“Craftsmanship extends, of course, from useful to useless things and at its best to art.”
—Anni Albers, (1964)
Look closely. What do you see?
Let your eye wander around the artwork. Describe colors, lines, and patterns.
Take a closer look at this detail of the weaving.
MEET ANNI ALBERS
Have you ever really wanted to do something, and been told you couldn’t? Did you give up, or persevere? Meet Anni Albers. Anni Albers (1899–1994) was an American artist and craftsperson. She is best known for elevating fabric design as an art form.
What was her childhood like?
Albers was born in Germany. She loved art from a very young age. She studied painting as a teenager and, despite the many hardships she knew, like poor living conditions, decided to attend art school.
How did she become an artist?
She attended a famous German art school, the Bauhaus, and established herself as an authority on weaving. In the 1920s, different art forms were considered appropriate for artists of different genders. Albers attempted to join a glass workshop, but was not allowed in due to being a woman. Reluctantly, Albers decided to study weaving with the other female students.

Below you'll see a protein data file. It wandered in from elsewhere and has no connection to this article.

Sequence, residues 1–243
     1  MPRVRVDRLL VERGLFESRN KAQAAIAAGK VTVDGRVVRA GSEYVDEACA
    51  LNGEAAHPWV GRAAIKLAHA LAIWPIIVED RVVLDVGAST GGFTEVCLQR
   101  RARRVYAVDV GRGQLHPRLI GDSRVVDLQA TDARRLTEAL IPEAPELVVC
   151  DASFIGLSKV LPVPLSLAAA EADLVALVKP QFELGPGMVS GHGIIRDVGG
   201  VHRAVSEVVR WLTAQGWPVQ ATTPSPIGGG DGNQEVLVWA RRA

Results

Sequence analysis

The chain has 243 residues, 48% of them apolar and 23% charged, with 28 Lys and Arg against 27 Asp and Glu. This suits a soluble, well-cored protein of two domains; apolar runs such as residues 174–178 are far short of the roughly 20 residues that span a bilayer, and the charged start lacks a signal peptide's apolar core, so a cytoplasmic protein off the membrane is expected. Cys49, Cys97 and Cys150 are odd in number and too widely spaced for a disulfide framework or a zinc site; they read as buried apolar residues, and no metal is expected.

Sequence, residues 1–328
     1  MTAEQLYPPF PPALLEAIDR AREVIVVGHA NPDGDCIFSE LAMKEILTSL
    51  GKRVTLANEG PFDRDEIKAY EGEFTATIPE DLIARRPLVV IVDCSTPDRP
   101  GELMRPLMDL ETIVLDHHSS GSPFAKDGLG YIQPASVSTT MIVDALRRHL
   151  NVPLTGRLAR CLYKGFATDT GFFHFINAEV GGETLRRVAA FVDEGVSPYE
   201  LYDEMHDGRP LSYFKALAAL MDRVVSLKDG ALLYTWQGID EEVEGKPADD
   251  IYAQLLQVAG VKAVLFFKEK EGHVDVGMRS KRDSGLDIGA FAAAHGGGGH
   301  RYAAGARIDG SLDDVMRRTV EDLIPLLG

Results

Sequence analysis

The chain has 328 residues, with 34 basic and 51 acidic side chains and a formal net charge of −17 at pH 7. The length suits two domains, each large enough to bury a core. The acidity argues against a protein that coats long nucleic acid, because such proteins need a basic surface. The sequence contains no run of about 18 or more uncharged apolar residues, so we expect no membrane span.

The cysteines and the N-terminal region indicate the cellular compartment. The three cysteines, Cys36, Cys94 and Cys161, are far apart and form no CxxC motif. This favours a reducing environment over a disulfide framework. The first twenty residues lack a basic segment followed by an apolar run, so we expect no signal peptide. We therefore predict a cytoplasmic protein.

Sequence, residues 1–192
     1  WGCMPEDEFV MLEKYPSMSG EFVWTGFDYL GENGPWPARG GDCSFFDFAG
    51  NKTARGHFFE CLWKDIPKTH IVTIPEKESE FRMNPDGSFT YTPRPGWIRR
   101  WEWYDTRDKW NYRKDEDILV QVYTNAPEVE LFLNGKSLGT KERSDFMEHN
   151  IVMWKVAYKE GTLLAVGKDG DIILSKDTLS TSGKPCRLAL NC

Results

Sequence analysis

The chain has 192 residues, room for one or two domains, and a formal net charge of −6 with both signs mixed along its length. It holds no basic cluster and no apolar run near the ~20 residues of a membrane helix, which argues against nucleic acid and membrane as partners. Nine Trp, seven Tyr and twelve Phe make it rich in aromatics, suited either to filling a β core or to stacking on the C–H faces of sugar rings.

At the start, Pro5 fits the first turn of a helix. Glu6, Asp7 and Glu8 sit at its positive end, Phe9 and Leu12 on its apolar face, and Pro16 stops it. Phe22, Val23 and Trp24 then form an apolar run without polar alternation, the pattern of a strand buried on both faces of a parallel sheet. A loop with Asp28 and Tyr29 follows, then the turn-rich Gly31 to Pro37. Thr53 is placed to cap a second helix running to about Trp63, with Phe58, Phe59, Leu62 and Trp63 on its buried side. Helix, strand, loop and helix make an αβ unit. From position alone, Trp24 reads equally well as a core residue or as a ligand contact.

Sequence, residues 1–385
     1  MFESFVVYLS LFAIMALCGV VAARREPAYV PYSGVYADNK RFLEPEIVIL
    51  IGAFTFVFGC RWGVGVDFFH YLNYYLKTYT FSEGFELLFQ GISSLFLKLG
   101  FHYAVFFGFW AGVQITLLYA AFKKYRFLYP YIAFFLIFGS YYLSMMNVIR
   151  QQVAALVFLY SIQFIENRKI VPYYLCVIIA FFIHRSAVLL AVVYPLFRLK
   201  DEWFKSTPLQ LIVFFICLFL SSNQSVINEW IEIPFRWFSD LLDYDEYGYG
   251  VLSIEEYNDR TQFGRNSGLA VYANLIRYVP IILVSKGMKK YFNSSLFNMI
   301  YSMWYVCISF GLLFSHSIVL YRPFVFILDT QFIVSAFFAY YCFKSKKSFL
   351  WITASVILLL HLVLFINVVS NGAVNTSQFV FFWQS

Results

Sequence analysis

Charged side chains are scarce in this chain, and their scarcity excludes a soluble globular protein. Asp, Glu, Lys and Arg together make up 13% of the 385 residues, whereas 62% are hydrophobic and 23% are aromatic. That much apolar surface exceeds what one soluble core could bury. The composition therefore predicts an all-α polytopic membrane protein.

What challenges did she face?
Many people at that time viewed weaving as a craft – not a fine art form– but Albers was determined to change their minds! She pioneered geometric fabric designs and elevated her weaving to fine art. After completing her degree, Albers and her husband—fellow artist Josef Albers—left Germany in 1933 to teach art at Black Mountain College in North Carolina.
What were her accomplishments and contributions?
Albers experimented with weaving complex geometric patterns, developed Modernist weaving theory, and wrote the book On Weaving, which helped establish design as a field of study. She was the first design artist to have a solo exhibition at the Museum of Modern Art in New York. (A solo exhibition is a museum exhibit that focuses on highlighting one artist’s work.) Later in life, Albers continued to weave and write, while also experimenting with serigraphs, a type of printmaking, which uses similar layering techniques to produce seemingly tactile surfaces.